Frozen embryos can be the answer to the couples, trying to conceive using artificial reproductive technology to obtain a biological child but this perceived boon may also turn into a bane, if and when the couple falls apart and aims for a divorce or a separation.
What Is Embryo Freezing?
The process of embryo feezing is medically assisted and involves in vitro fertilization which is a procedure through which eggs from a women’s ovaries are removed and combined with the sperm of a man in a laboratory to form embryos.
What Is An Embryo?
An embryo is an inceptive/early stage of developement of a multicellular organism.
Who Gets The Custody Of The Frozen Embryos?
Before beginning the vitro fertilisation procedure, your doctor may have had you and your spouse enter into an agreement that specifies what would happen to any frozen embryos if you would want to opt for a divorce in the future.
While signing the contract as a happy couple, you may have not realised that the contract signed by you is legally binding and comes with certain consequences if you weren’t on the same page as your spouse later on.
Apart from disagreements and other issues, there could be issues more complex if either spouse due to a medical condition for example a cancer treatment has become infertile and frozen embryos are the only hope and chance for him/her to have a biological child but one of the spouse does not wishes to have a child or maybe another child with the spouse they are wanting to end up with.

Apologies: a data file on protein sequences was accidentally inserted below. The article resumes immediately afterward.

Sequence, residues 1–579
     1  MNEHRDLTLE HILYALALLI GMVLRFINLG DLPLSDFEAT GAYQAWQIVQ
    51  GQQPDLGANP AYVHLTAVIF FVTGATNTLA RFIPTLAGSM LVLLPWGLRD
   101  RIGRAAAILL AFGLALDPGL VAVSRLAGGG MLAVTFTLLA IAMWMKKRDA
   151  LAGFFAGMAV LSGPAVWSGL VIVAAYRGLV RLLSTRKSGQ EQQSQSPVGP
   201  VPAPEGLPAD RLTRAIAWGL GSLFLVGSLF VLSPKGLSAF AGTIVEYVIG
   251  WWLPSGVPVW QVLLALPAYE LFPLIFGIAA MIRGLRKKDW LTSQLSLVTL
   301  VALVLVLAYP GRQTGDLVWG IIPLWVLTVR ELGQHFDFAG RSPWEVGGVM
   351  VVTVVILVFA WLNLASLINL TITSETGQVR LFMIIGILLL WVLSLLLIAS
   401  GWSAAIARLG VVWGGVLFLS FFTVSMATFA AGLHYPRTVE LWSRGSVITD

The opposition from the spouse could also be due to unwanted parental rights and responsibilities such as hooked up with providing child support.
Who really gets the custody of the frozen embryos totally depends on the circumstances of each case. But usually when the embryos are created a written contract is entered into between a husband and a wife that sets out the custody terms. if there has been no pre-existing agreement or absence of state law, then the decision is likely to be made by a court judge. However, in some states the said contract can be superseded by state law.
Recently, the case of actress Sophia Vergara and her ex-husband Nick Loeb who approached the court over the use of frozen pre-embryos could be seen. The couple while taking divorce had previously agreed to obtain a written consent from the other before using the pre-embryos. However, when the actress’s husband Nick wanted the embryos to be implanted into a surrogate without the consent of Sophia, the court sided with Sophia Vergara. The court stopped the Husband from using the embryos without the consent of his wife in accordance with the former agreement entered into by the couple.